Today is a day to celebrate the prophetic voice and witness of Fr. Daniel Berrigan, the non-violent anti-war activist and poet, whose life and witness has touched so many lives. He was born on May 9, 1921 and would have been 100 years old today. He died five years ago, but his spirit continues to animate and inspire so many others. The following essay is from my recent book, Seeking Truth in a Country of Lies.
Radical dissidents and prophets have never had an easy time of it. When alive, that is. Once safely dead, however, honors and respect are often heaped on their heads. The dead can’t talk back, or so it is assumed. Nor can they cause trouble.
Jesuit priest Fr. Daniel Berrigan was one such man. When he died on April 30th, the major media, organs of propaganda and war promotion, noted his death in generally respectful ways. This included The New York Times.
But back in 1988 when Daniel was a spry 68 years old, the Times published a review of his autobiography, To Dwell in Peace, which was a nauseating hatchet job aimed at dismissing his anti-war activism through the cheap trick of psychological reductionism and reversal.
How could Berrigan really be a Christian, a man of peace, the reviewer Kenneth Woodward (himself a product of eight years of Jesuit education) asked rhetorically, and be so angry? Wasn’t he in truth a bitter, ungrateful, and angry – i.e. violent – “celebrity priest” masquerading as an apostle of peace? And therefore, were not his peace activities, his writings, and his uncompromising critique of American society null and void, the rantings of a disturbed man?
Furthermore, by the unspoken intentional logic of such an ad hominem attack, were not those who follow in his footsteps, those who hear his words and – God forbid! – take them seriously, were not they too wolves in sheep’s clothing, angry children trying to exact revenge on their parents?
“Gratefulness, we learn, is not a Berrigan trait,” Woodward concluded in his bilious review of a “pervasively angry autobiography.” “The Berrigans (note the plural usage), it seems, never learned to laugh at themselves.”
Such character assassination has long been one tool of the power elite. Silence or kill the prophets one way or another.
When Dan and I first met we walked together in the blue cold snowy silence of Ithaca nights. It was December 1967. He was a 46-year-old black-bereted whirling dervish orbiting a profound spiritual and poetic stillness; I, a 23-year-old Marine intent on declaring myself a conscientious objector before my reserve unit was activated and sent to Vietnam.
Dan had been arrested for the first time at a Pentagon demonstration in late October. A few days later his brother, Philip, together with three others, had upped the ante dramatically by pouring blood on draft files in Baltimore.
This action, which became known as the Baltimore Four and started a chain of draft board raids over the next years, and the raging Vietnam War that Johnson was dramatically escalating, were the backdrop for my three day visit with Dan. The invitation had been arranged by my inspirational college teacher, Bill Frain, Dan’s friend.
Walking and talking, talking and walking, we whirled around the Cornell campus where Dan was a chaplain, into and out of town, from apartment to apartment, a gathering here, a Mass there. The intensity was electric.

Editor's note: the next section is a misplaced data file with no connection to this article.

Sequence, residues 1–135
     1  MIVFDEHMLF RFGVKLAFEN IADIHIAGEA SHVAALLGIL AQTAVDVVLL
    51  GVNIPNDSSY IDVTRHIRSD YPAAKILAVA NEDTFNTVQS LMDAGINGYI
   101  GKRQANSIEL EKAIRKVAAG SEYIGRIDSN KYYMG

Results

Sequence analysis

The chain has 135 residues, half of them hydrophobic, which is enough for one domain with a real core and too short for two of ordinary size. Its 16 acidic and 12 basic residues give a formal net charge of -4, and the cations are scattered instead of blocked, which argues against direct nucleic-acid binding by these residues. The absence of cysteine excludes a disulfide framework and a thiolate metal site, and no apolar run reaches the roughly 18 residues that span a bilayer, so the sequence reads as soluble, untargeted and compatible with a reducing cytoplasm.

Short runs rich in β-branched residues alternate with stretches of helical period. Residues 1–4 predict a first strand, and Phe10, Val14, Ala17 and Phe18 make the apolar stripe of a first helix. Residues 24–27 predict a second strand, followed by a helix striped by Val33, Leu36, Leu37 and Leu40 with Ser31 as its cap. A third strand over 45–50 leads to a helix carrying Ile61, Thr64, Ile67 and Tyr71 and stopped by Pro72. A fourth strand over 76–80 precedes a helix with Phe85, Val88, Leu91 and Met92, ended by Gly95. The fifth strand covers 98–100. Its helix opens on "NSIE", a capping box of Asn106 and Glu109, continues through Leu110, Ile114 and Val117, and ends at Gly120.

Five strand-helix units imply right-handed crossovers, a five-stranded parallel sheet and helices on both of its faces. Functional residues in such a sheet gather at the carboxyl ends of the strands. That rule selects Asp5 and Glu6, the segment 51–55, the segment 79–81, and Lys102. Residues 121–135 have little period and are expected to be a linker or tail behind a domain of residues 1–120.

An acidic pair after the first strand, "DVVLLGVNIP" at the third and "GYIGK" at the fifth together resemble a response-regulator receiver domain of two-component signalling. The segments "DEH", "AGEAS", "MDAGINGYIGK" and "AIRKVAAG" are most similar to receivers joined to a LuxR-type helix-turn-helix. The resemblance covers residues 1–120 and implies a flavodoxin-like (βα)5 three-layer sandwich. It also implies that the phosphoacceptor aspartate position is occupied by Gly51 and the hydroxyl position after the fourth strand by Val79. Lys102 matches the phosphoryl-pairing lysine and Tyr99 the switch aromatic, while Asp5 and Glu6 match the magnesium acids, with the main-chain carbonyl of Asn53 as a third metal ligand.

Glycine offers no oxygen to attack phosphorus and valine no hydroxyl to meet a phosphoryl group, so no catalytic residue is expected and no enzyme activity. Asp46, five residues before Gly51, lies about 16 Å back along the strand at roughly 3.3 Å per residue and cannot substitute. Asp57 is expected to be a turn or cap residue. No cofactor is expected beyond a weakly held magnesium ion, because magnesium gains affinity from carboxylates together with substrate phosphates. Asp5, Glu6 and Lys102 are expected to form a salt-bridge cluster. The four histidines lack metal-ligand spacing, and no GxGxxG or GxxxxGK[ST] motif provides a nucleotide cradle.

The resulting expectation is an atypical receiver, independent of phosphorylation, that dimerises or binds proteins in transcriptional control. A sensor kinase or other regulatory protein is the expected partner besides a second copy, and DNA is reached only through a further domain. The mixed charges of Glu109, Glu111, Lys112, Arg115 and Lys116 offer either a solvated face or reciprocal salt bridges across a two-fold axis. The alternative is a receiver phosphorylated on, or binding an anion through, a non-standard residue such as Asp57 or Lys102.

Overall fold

At a party, I met and learned from the brilliant Pakistani scholar and activist Eqbal Ahmad. At an apartment Mass led by Dan in his inimitable style, I felt as if we were early Jewish-Christians gathering in secret. There was a sense of foreboding, as if something would soon break asunder as the US rained bombs and napalm down on the Vietnamese.
I recall a sense of intense agitation on Dan’s part, as if events were conspiring to push him to answer an overwhelming question. I knew from the first that he was no J. Alfred Prufrock who would sit on the fence. He would never say, “I am no prophet – and here’s no great matter/I have seen the moment of my greatness flicker/And I have seen the eternal Footman hold my coat, and snicker/And in short, I was afraid.”
A poet, yes, a lover of beauty, that I could tell; but I felt his fierceness from the start, and it was something I viscerally connected with. He was preparing for a great leap into the breach; was Odysseus readying to leave Ithaca, not for Troy to wage a violent war, but a peaceful Odysseus readying to leave Ithaca to travel to Vietnam to wage a non-violent war against war – a lifelong journey. I too felt that my life would never be the same and I was venturing out onto unchartered waters. His courage rubbed off on me.
In those few days with Dan I unlearned most of the lessons my Jesuit education had instilled in me. Deo et Patria were rent asunder.
I had never accepted the Marine slogan that “my rifle is my life,” nor had I fully ingested the Jesuits’ conservative ideology – what Dan called “consensus, consensus” – that I should become a man successful through speaking out of both sides of my mouth and serving two masters. But at that point I had no Jesuit mentor who embodied another path. In Dan I found that man, or he found me.
Contrary to some public images of him, he was a man of indirection as well as bluntness. He had the gift of discernment. Not once during my initial stay with him did he suggest a course of action for me. We talked about the war, of course, of his brother Phil’s and others’ courage, but we also talked of poetry and art, of the beauty of starry winter nights and the dramatic waterfalls surrounding the Cornell campus.
Most of all he wanted to know about me, my family, my background; he listened intently as if he were contemplating his own past as well, weighing the future. I had already decided to leave the Marines one way or the other, but we never discussed this. He arranged for me to speak to a Cornell lawyer who did anti-war work in case I needed legal help. But I felt I was in the presence of a man who knew and respected that such momentous decisions were made in solitary witness to one’s conscience. I felt he supported me whatever I did.